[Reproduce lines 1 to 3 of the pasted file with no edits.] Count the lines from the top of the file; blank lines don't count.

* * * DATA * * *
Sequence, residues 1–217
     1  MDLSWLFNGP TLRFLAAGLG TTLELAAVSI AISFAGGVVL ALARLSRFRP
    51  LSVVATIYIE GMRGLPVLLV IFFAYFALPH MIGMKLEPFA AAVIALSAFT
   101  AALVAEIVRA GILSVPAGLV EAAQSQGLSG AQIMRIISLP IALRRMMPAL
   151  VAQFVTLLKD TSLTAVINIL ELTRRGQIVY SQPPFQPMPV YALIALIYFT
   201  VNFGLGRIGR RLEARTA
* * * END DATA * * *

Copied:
Sequence, residues 1–217
     1  MDLSWLFNGP TLRFLAAGLG TTLELAAVSI AISFAGGVVL ALARLSRFRP
    51  LSVVATIYIE GMRGLPVLLV IFFAYFALPH MIGMKLEPFA AAVIALSAFT